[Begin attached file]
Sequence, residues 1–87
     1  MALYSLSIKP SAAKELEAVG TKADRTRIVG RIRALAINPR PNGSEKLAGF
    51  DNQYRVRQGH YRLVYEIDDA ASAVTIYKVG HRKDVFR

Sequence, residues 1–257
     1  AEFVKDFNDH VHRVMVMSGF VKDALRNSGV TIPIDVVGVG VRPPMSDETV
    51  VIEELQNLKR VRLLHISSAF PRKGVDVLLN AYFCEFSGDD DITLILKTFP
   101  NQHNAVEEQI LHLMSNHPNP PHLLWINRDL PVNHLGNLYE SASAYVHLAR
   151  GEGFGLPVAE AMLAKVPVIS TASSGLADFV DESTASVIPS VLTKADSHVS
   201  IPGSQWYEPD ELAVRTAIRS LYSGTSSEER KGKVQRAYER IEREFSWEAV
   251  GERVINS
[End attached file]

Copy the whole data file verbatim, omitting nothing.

Sequence, residues 1–87
     1  MALYSLSIKP SAAKELEAVG TKADRTRIVG RIRALAINPR PNGSEKLAGF
    51  DNQYRVRQGH YRLVYEIDDA ASAVTIYKVG HRKDVFR

Sequence, residues 1–257
     1  AEFVKDFNDH VHRVMVMSGF VKDALRNSGV TIPIDVVGVG VRPPMSDETV
    51  VIEELQNLKR VRLLHISSAF PRKGVDVLLN AYFCEFSGDD DITLILKTFP
   101  NQHNAVEEQI LHLMSNHPNP PHLLWINRDL PVNHLGNLYE SASAYVHLAR
   151  GEGFGLPVAE AMLAKVPVIS TASSGLADFV DESTASVIPS VLTKADSHVS
   201  IPGSQWYEPD ELAVRTAIRS LYSGTSSEER KGKVQRAYER IEREFSWEAV
   251  GERVINS